<html>
<head>

<script type="text/javascript">
function loadJavaScriptSync(filePath)
{
    var req = new XMLHttpRequest();
    req.open("GET", filePath, false); // 'false': synchronous.
    req.send(null);

    var headElement = document.getElementsByTagName("head")[0];
    var newScriptElement = document.createElement("script");
    newScriptElement.type = "text/javascript";
    newScriptElement.text = req.responseText;
    headElement.appendChild(newScriptElement);
}

loadJavaScriptSync("busy.js");
alert("Time's up");
</script>

</head>
</html>

This snippet should work fine (and, if it doesn't, see the 'Note About Local Files' below), but it's pretty pared down: it has no error checking and other fail-safes. For a more bullet-proof implementation of synchronous JavaScript file reading, I invite you to see one used as part of the first JavaScript Include article I mentioned earlier.

A Note About Local Files

For security reasons, some browsers (and it's amazing that it's not all browsers) won't allow the reading of files using the 'file:///' protocol in AJAX. If you're having difficulties (specifically seeing messages like 'XMLHttpRequest cannot load file:///...' in your JavaScript console), you'll need to access the code via HTTP, i.e., via the use of a web server, instead of just double-clicking your example pages (or equivalent means of quickly loading them into your browser).

Improved Include

Just as a further comment to my previous JavaScript Include article, it is still my intention to write further include-related articles to overcome the issues identified with the first include implementation presented there.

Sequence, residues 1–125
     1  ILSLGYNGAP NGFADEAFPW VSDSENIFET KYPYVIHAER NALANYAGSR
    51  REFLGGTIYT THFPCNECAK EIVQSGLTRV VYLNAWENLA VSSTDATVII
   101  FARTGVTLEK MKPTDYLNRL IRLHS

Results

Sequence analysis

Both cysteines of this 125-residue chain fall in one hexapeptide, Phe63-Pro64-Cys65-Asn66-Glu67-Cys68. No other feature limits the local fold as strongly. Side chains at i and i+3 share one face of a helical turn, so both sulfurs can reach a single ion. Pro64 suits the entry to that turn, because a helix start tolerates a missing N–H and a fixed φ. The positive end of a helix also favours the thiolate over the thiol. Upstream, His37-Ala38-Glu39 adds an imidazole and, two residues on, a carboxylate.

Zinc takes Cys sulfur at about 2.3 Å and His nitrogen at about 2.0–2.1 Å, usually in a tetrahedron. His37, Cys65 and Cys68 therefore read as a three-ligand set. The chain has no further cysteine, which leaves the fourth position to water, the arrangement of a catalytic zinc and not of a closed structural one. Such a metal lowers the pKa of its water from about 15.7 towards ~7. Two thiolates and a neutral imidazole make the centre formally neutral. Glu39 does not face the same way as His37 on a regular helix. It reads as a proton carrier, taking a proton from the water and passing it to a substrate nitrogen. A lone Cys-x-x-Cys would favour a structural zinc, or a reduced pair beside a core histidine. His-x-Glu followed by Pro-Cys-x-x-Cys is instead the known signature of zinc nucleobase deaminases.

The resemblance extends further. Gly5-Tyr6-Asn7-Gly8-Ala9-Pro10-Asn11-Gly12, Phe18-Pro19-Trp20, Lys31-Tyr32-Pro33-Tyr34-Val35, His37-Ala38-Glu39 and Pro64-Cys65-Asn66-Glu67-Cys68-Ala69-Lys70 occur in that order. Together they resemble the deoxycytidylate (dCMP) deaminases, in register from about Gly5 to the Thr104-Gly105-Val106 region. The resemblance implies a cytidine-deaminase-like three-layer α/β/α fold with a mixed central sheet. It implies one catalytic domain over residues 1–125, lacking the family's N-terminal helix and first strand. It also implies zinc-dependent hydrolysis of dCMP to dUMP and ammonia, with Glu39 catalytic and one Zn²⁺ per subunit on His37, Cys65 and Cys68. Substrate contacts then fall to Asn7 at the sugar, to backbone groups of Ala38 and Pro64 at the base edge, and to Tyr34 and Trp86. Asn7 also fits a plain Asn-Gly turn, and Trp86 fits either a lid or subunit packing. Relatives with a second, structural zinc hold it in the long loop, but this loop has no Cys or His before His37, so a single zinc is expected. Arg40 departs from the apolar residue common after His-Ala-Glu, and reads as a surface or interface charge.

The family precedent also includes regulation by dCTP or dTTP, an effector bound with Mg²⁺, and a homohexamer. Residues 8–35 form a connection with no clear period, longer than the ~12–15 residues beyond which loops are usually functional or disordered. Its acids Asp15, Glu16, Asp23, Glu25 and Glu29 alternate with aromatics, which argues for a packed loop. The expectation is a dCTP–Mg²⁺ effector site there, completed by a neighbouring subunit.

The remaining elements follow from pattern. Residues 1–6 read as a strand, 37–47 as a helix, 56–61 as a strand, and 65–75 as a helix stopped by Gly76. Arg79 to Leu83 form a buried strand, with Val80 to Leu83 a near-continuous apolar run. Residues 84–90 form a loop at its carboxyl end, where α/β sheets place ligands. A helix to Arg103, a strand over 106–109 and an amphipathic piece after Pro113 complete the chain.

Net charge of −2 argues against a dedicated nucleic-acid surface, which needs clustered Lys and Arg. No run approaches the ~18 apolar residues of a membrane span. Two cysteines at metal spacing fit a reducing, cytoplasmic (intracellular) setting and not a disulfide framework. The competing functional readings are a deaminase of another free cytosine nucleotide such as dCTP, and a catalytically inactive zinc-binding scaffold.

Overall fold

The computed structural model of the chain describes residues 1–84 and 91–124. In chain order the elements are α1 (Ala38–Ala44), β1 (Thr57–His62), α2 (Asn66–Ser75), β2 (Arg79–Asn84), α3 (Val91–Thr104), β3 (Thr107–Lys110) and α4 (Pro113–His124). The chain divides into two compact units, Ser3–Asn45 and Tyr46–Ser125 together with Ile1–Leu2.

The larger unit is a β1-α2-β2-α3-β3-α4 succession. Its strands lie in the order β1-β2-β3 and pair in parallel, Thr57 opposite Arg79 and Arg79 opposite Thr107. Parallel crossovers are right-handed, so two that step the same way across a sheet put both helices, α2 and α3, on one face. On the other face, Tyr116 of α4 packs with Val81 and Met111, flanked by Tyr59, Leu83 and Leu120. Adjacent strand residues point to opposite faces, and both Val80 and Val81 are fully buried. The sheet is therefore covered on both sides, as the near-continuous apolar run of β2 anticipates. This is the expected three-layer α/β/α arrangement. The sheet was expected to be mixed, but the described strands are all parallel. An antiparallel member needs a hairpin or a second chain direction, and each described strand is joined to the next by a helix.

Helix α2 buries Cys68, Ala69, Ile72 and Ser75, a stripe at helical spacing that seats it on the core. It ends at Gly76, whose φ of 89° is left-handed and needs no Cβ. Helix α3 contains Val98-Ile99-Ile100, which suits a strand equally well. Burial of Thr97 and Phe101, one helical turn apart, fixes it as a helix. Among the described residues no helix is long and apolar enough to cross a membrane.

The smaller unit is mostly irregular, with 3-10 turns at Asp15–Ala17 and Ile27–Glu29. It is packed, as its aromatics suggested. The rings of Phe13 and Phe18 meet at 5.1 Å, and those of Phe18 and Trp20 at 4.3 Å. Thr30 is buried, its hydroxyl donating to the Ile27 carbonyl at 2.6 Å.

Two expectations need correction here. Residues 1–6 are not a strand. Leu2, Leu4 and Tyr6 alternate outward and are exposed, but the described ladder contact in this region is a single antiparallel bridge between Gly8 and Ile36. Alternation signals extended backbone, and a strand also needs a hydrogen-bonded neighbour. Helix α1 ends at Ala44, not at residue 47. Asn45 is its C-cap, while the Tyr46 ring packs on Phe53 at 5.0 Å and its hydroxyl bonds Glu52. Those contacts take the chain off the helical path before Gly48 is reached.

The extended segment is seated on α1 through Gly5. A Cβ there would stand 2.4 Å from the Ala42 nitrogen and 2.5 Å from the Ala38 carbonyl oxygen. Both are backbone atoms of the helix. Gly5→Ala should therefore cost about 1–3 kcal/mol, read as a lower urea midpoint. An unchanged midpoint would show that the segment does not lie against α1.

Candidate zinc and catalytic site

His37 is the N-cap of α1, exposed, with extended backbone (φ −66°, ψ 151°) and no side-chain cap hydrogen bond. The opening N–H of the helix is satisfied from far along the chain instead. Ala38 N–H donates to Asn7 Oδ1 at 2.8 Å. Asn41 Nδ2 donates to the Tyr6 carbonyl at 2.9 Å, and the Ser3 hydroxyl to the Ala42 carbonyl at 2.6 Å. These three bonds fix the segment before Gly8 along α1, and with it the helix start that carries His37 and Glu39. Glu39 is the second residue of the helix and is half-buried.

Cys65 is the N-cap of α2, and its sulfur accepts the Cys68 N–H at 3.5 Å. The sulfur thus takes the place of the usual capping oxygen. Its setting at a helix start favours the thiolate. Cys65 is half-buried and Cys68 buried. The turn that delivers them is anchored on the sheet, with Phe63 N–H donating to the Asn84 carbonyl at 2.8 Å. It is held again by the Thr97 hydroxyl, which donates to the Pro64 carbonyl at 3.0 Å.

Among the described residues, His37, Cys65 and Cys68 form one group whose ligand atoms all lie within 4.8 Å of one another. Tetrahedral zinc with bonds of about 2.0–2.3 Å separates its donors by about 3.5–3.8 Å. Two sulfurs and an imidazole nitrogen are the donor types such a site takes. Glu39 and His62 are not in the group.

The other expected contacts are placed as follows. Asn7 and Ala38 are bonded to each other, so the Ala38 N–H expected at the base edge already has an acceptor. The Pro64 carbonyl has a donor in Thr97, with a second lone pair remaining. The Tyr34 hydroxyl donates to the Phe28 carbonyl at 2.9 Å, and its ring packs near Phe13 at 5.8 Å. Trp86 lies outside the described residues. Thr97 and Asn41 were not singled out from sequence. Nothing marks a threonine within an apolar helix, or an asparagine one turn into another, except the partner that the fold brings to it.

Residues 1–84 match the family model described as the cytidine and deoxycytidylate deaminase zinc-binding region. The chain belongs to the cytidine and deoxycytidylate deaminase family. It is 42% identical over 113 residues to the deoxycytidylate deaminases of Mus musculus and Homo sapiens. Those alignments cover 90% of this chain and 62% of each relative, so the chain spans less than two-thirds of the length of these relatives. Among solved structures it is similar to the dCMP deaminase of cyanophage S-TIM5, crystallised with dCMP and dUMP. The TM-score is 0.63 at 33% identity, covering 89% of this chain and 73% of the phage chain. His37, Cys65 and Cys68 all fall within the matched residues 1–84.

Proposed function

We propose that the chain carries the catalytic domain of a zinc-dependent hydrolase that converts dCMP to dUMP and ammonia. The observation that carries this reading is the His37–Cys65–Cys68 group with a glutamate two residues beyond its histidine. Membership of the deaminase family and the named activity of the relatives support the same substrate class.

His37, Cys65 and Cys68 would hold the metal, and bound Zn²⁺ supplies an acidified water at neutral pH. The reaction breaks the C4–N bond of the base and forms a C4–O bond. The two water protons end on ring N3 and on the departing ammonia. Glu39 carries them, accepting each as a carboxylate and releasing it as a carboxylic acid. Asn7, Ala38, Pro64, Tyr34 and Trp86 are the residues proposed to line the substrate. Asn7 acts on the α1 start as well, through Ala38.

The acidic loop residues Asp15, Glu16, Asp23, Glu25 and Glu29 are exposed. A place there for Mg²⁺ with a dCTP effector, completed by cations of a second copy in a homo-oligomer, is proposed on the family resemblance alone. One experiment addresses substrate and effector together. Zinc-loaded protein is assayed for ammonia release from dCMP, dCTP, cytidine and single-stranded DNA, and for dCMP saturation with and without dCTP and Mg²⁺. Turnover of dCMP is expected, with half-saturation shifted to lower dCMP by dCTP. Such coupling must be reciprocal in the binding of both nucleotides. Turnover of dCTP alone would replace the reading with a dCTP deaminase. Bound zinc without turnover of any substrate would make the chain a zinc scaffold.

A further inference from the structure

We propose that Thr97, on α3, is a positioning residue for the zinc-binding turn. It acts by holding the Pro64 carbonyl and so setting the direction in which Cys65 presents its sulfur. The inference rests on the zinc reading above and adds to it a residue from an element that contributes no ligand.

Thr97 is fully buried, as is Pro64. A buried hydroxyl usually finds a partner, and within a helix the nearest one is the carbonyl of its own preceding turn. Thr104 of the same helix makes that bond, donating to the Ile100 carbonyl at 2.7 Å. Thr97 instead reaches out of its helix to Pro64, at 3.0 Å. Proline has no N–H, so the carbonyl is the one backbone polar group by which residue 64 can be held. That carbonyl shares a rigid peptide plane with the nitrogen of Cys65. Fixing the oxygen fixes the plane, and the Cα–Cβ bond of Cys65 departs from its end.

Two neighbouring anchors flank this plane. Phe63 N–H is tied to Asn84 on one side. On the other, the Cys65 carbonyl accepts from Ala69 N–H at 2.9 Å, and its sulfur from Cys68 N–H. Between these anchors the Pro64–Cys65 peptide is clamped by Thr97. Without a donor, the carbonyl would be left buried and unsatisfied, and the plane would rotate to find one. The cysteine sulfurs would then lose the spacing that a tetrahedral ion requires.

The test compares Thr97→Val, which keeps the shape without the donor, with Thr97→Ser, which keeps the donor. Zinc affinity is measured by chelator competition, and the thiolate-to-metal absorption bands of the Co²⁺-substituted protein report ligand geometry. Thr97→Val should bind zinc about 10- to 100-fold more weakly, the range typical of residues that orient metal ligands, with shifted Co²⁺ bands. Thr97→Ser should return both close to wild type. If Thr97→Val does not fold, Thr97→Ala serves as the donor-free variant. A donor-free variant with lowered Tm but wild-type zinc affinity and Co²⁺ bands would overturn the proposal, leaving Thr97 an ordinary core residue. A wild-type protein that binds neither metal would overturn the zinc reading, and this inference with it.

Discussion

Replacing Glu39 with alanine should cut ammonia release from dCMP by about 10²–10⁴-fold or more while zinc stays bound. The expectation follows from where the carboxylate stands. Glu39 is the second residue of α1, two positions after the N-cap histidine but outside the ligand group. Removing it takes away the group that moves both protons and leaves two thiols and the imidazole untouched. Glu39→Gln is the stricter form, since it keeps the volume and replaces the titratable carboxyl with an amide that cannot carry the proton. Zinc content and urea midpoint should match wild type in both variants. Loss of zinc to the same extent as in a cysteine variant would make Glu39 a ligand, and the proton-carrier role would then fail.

5 thoughts on “JavaScript/HTML Synchronous and Asynchronous Loading”

  1. I’ve been playing with Javascript for 4/5 years and I have to say, I didn’t know the async and defer attributes existed even in HTML5. Very useful to know, I hate putting Javascript at the bottom of my page, just seems like such an illogical place to include a file when everything else is put at the top.

    Can’t say I deal with much raw JS these days, I tend to do everything through jQuery where possible. It makes life so much easier and using a CDN means very little bandwidth footprint as most users have it cached from another site. Granted this is about concepts, so of course raw is best rather than teaching a library on top!

    Speaking of asynchronous shenanigans in Javascript, while not specifically about loading the files… Sockets.IO! You can do some amazing stuff with non-blocking, event-driven web-socket ‘pipelines’ using that library. Generally the socket server is Node.JS, then you can just throw data down it to clients (broadcast or specific) and it can be bound to an event on the client-side stupidly easily.

  2. Good article.
    I wanted to say that this:

    function loadJavaScript(filePath)
    {
    var headElement = document.getElementsByTagName(“head”)[0];
    var newScriptElement = document.createElement(“script”);
    newScriptElement.type = “text/javascript”;
    newScriptElement.src = filePath;
    headElement.appendChild(newScriptElement);
    }
    loadJavaScript(“busy.js”);
    alert(“Time’s up”);

    doesn’t prove the async behaviour of JavaScript but only that script added after the page was loaded is loaded async (and to better show that you need at least 2 scripts loading at the same time).
    Why doesn’t prove the async behaviour?
    When this line is done :headElement.appendChild(newScriptElement); JavaScript is done working and the rest (the loading proccess) is not JavaScript.
    So after calling loadJavaScript(“busy.js”); it is expected to see
    alert(“Time’s up”); immediately.